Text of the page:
Talking ‘Bout My Generation! Multiple Generations in the Workplace

Amy Polefrone
14 November 17

Gen X?  Millennials?  What’s the current terminology?  And what age group does each include?  Face it, in any given workplace, you can expect to have 4-5 generations working together!  Let’s talk about how gaps between these came about, what the current business landscape looks like, and why you should challenge assumptions to ultimately bridge those generations.

Generations in the Workplace

As society has progressed, people are remaining active and healthy longer which has led to a wider age spread in today’s workforce.  Your company’s staff could easily be represented today by multiple generations.  And each of these has grown up with different experiences – whether with radio, TV, computers, iPhones.  World and local events impacted each generation differently as did the music they listened to and the TV shows they watched.  The CBS show, The Great Indoors, does a great job of adding humor to a workplace trying to rally its staff of all ages. And a comedy is most definitely needed to try to tackle this concept!

Challenge the Assumptions

The “younger” generations take a lot of heat for being described as lazy, self-centered, and a plethora of other adjectives.  Yet if we take a step back and think about how the generation just older than us views us – maybe this can offer perspective.  Common phrases that come to mind might include:


These young kids refuse to dress properly for work.
Our young employees don’t have any loyalty to this place.
The old guard can’t keep up with technology.

There’s an assumption in each of these statements and each generation has their own “yeah but” response.  Remember, they are a product of the time in which they grew up.  Let’s look at these groups and a few of the characteristics that uniquely describe each:

Silent Generation (1930 – 1945)

  • Focused on careers rather than activism
  • Make the best of bad situation
  • Children of Depression Era Parents
  • Served in the military (probably between WWII and Korean War)
  • VERY successful

Baby Boomers (1946 – 1965)

  • Strong work ethic
  • Baby boomers aren’t afraid to put in a hard day of work
  • Self-Assured
  • Goal-centric
  • Team oriented

Gen X (1966 – 1976)

  • Invisible generation
  • Individualistic
  • 1st latch key generation
  • Technologically adept (but still knows what a card catalog is)
  • Loyalty is to people, not organizations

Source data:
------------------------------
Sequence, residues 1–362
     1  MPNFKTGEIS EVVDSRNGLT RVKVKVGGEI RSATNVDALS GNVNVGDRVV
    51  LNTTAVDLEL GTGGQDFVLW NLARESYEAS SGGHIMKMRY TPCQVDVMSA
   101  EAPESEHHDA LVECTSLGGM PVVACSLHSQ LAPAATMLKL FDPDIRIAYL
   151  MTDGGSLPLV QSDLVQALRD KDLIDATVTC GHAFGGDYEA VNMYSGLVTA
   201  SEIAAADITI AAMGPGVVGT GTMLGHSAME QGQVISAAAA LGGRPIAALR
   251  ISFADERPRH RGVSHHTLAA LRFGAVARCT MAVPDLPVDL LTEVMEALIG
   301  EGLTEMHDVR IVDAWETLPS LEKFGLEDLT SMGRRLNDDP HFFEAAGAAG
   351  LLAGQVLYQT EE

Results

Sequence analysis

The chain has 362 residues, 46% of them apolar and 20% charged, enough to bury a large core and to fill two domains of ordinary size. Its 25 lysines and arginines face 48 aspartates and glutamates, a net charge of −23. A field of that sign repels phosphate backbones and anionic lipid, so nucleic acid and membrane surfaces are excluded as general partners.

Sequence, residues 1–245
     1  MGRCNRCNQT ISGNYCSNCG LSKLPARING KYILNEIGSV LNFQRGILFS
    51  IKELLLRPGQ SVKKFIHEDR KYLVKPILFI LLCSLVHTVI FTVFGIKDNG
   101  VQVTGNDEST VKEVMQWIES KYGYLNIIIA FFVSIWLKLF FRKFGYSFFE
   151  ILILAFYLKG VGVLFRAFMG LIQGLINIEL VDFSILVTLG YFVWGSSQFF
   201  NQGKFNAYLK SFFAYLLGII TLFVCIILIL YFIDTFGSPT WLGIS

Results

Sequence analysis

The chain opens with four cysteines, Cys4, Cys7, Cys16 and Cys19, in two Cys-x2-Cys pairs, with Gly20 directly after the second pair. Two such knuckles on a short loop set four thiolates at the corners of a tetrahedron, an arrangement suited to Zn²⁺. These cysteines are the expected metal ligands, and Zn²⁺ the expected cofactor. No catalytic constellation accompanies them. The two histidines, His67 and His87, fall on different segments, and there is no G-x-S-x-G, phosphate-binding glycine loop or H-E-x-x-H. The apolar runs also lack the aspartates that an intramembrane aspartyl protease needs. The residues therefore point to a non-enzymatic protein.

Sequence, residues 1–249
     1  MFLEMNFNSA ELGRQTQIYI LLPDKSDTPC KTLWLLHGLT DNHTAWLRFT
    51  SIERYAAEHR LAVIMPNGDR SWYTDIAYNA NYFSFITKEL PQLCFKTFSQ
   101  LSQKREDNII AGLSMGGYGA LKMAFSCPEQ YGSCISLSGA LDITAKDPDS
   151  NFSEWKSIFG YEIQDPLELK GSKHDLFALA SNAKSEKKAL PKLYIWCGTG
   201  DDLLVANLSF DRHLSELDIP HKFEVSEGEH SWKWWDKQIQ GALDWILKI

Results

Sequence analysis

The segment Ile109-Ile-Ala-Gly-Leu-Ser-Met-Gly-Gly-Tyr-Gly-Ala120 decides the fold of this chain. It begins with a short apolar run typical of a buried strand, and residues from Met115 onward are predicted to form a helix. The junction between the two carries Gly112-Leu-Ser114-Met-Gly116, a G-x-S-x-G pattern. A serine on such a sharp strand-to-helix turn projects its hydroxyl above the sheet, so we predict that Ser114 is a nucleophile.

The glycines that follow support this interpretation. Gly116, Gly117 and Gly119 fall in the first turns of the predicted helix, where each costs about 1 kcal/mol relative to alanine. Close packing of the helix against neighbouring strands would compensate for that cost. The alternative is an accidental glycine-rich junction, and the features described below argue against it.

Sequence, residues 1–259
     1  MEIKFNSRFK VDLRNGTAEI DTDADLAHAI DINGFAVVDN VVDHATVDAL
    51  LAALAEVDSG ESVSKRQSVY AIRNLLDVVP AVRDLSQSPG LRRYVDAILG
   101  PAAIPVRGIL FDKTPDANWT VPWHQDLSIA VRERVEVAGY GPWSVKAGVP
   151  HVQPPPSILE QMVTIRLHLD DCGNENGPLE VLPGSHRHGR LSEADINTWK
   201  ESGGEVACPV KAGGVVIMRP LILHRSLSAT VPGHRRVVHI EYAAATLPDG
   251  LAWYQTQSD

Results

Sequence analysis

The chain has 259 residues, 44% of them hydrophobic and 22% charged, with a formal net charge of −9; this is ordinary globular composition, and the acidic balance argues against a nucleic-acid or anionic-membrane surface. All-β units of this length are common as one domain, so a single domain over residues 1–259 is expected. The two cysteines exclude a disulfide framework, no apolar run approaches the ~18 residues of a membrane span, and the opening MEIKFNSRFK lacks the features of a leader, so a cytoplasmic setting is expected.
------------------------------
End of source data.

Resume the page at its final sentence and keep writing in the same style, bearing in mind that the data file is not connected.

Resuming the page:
Gen Y (1977 – 1985)

  • Tech savvy (1st digital native generation)
  • Family centric (not work centric)
  • Achievement oriented
  • Ambitious — immediately
  • Job hoppers

Millennials (1986 – 2000)

  • Multi-taskers
  • Tech Savvy – completely immersed in technology 24×7
  • Instant gratification & recognition (remember the Participation Ribbons!)
  • Transparency – must know WHY they are doing something
  • Task oriented (not time oriented) – just get the job done, can I go home?

Gen Z (2001 – present)

  • Parents are GEN-X Latch Key “helicopter parents” & “tiger Moms”
  • Life is public but they are private – Snapchat, dark internet
  • Hard-working, college pressures
  • Multi-Tasking
  • Everything is technology for them.  They have an app for EVERYTHING.

Where Are We Today – Where Will We Be?

In the past the workplace was defined as medium-to-large, hierarchical and you were “employed for life.”  Today’s workplace is small-to-medium, there’s career mobility and a three tier hierarchy.  In the future, it will be small, flat, and virtual.  Times are a-changing!  So how do you recognize and capitalize on the different values, goals and personalities?  By embracing the diversity and putting those differences to work.  This means:

  1. Employers must be more creative with employees – to recruit and retain staff of all generations.
  2. The generational traits apply not just to your employees but to your clients as well!

There is no disputing the effectiveness of an authentic team so you must go through all the stages of team building to create a strong, cohesive team.  With any team, there will always be conflict and everyone’s values will play a role in how they react to it.  Remember in general, individuals across generations have very similar values so conflicts arise not over WHAT — but over HOW.  You will find behaviors reflect how values differ among people and conflicts will reflect differences in individual approaches.

Does this make it seem that we have massive generational gaps?

No.  In reality, all generations are becoming more and more aware of issues surrounding activity, nutrition and lifestyle.  The generations simply accept different approaches to how to deal with things.  Bottom line, people want the same things at work, and they value the same things.  Everyone wants respect; trust is important.  No one really desires change but we can all be better prepared for it.  Knowing these similarities helps us recognize it is possible to manage people from multiple generations.  Awareness, recruiting and retention help to manage generational gap, whether a chasm or a little crack.

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